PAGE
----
The following guest post is by Greg McFarlane of Control Your Cash.
When you write a book about personal finance, as rudimentary as it might be, friends ask your opinions on matters fiscal. A few days ago, I received this pithy email from one of the most financially conservative people I know:
When does it make sense to re-fi a house? We have 108k left at 6¼% fixed.
You need a little background (or his detailed history.) He bought the house in question in January 2003, for $185,000, and put 34% of the purchase price down (told you he was conservative.)
So…that means he’s 92 months into a 360-month mortgage, with credit that’s close to perfect.
His email didn’t say much, but it’s reasonable to assume that he’s talking about 30-year mortgages, similar to the one he already has. It goes without saying that he’ll be going from one fixed-rate into another. Adjustable-rate mortgages are essentially roulette wheels with fewer colors. There’s some other things we assume, such as:
- This is his only mortgage
- His credit is excellent
- He’s not doing this so he can get a home equity loan, which is really nothing more than a cash advance attached to a big piece of collateral made out of bricks and mortar.
The reason Bob wants to refi is clear – 30-year rates now average 4.34%, or 191 basis points less than what he’s been paying all these years. Bob figures that his already small monthly payment of $749 might go down a few more bucks if he refinances.
The good news is that given these parameters ($108,000 loan, 4.34%, 30 years), Bob’s new payment will be $537.
To save $212 a month, Bob’s going to have to pay around $2500 up front in closing costs. These fees vary profoundly throughout North America – they could be $1000 in some places, $5000 in others. Closing costs could include document prep, title insurance, recording fees, courier fees, surveying, attorneys and settlement fees, flood certification (even though Bob lives 2000’ above sea level in the middle of the desert), a credit report, pest inspection, processing, brokers’ fees, funding fees…you get the idea.
The closing costs mean Bob won’t truly be ahead for another year. And at that point, he’s got 29 years of payments to look forward to. Oh, you didn’t know that? Yeah, when you refinance you’re really buying the house all over again. When the time comes to write the final mortgage check, Bob will be as old as John McCain is now. John McCain will be as old as Jamie Moyer is now.
There’s an alternative. 15-year rates are now 3.82% (5 years from now, we’re going to look back at this time and wonder why people weren’t stealing silver to buy houses with.) If the math works out, Bob could save money and pay off his mortgage faster than he ever intended.
How much to borrow $108,000 at that rate for that long a period?
One more time, The Most Important Formula In Personal Finance. (Boldface mine. Formula courtesy of God, the same Divine Being who brought you the quadratic equation and π.) Monthly payments are:
x is the amount borrowed, y the interest rate, z the length of the term in months: that’s 108,000, .0382 and 180 respectively.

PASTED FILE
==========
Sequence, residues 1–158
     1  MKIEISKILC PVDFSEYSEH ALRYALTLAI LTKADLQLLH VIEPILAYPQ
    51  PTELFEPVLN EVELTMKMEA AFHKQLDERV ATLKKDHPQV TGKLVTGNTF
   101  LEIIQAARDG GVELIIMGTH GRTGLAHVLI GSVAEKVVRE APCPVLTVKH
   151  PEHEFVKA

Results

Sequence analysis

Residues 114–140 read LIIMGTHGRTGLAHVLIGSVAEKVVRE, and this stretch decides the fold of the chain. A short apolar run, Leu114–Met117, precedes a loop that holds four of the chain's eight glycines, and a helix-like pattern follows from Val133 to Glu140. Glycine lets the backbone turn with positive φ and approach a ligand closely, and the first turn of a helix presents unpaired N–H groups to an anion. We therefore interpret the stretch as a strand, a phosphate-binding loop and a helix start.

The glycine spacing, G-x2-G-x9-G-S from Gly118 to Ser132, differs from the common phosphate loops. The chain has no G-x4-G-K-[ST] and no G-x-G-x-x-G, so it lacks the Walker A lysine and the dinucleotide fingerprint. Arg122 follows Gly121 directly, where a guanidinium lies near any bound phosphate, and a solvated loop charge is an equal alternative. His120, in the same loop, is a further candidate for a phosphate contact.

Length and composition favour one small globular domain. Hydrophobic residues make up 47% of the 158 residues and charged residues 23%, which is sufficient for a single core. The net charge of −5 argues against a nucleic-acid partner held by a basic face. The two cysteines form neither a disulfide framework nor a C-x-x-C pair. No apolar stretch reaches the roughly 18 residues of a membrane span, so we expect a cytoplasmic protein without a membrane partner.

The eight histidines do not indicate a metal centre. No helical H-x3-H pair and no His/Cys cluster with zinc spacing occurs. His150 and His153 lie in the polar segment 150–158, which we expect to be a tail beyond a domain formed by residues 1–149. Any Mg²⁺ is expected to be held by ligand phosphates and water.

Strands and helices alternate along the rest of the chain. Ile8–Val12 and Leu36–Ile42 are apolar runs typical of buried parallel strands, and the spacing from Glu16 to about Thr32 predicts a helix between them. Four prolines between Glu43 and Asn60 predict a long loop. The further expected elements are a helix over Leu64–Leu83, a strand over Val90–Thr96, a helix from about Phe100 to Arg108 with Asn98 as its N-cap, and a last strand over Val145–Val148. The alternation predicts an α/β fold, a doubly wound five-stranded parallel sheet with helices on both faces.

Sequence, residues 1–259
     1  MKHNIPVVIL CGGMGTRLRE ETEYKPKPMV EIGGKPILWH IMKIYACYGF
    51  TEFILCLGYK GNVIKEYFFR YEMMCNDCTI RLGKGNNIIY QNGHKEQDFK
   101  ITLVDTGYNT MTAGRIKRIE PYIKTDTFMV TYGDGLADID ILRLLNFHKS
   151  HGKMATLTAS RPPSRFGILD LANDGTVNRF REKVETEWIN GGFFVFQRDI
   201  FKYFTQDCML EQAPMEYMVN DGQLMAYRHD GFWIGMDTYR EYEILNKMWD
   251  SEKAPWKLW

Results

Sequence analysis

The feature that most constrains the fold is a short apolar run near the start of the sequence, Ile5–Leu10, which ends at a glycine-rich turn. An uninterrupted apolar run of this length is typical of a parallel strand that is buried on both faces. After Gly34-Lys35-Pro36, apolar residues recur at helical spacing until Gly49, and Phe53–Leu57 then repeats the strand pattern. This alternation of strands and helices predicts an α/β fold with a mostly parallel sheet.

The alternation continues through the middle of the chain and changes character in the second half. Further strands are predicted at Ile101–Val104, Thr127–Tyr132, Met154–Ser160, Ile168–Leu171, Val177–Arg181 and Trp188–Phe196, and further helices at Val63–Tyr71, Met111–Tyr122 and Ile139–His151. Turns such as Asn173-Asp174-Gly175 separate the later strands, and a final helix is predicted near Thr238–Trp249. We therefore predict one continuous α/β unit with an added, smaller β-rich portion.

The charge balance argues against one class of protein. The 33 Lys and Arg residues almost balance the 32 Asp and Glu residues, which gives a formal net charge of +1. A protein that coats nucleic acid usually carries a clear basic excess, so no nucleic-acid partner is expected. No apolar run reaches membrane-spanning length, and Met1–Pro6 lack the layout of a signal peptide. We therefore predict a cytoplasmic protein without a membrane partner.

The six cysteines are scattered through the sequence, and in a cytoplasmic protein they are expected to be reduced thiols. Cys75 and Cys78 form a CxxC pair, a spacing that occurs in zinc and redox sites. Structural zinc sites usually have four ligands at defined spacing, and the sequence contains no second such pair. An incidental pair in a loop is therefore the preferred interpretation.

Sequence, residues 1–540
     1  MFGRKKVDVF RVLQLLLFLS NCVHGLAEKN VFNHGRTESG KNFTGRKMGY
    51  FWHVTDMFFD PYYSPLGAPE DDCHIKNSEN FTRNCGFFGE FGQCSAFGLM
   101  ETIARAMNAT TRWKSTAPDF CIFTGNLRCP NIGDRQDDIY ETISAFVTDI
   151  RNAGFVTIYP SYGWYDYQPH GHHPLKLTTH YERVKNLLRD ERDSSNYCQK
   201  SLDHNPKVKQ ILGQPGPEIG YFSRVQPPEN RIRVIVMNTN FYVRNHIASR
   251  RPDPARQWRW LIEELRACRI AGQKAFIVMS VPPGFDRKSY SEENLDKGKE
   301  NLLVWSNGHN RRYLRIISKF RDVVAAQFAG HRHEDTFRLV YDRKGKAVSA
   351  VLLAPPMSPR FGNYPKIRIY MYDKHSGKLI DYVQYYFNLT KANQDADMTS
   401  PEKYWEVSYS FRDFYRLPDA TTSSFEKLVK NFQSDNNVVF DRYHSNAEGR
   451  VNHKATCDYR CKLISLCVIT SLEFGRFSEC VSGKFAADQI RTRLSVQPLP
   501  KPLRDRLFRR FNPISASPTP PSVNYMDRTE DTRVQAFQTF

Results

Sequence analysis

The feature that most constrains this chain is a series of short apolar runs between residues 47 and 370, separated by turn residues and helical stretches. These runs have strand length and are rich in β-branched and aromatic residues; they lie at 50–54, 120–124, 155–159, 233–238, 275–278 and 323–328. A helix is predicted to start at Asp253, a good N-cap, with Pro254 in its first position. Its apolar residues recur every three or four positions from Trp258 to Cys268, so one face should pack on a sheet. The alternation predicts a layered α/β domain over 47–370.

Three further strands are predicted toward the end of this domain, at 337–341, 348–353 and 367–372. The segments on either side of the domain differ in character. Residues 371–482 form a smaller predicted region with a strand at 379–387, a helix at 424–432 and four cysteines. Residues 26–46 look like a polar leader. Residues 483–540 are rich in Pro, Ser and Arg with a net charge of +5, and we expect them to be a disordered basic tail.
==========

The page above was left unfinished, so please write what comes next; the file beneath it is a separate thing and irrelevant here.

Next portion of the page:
You can plug in the numbers yourself. You’ll find that monthly payments will be about $40 more than Bob’s paying right now.
But, he’ll pay the mortgage off 8 years faster.
Is Bob going anywhere, geographically speaking? No. He’s got one wife, one dog, zero kids and zero plans to add any. The neighborhood isn’t Beverly Hills, but it’s a lot closer to that than it is to East St. Louis. (That’s Rosedale and Vancouver’s Downtown Eastside, respectively, for Canadian readers.) If Bob were to move out before 2016, it’d make sense for him to reduce his obligation by doing nothing more than making one extra mortgage payment annually, and sending the lender a registered letter explaining that the payment is to entirely to the principal.
If there’s anyone who should refinance, it’s people in Bob’s situation – those who put a ton of money down at a time when the cheapest available interest rate was 44% more expensive than it is now. If you bought in the early noughts, as Bob did, then regardless of how good a deal you got on the house, you probably (think) you got burned on the mortgage. 6¼% sounds like usury today, but it was fair and equitable then.
What about people paying rates even higher than Bob’s? Homeowners holding mortgages from the ‘80s paid far more in interest than Bob is paying, considering that rates maxed out at around 18% back then. So shouldn’t people holding 18% mortgages refinance?
Hell and no. a) They probably refinanced already, and b) look at the dates. Paying 18% is miserable, but if you bought your house back when rates were that high, your sentence is almost over. The house will be yours freely and clearly soon enough.
Zillow tells us that Bob’s house has depreciated to about $150,000, which is an important criterion for starting the process of Bob “buying the house again” with a new 15-year mortgage. Assuming Zillow’s estimate is accurate, it represents a 13% decline from 10 months ago. But even if Zillow’s number is a little low, it just means that Bob has an even greater equity position in the house.
In short, he should refinance. And if you can knock 243 basis points off your mortgage, shorten your obligation by 8 years, and still be in the house by the time you’ve amortized any new closing costs, so should you.
Greg McFarlane is an advertising copywriter who lives in Las Vegas and Lahaina. He recently wrote Control Your Cash: Making Money Make Sense, a financial primer for people in their 20s and 30s who know nothing about money. Buy the book here (physical) or here (Kindle) and reach Greg at greg@ControlYourCash.com.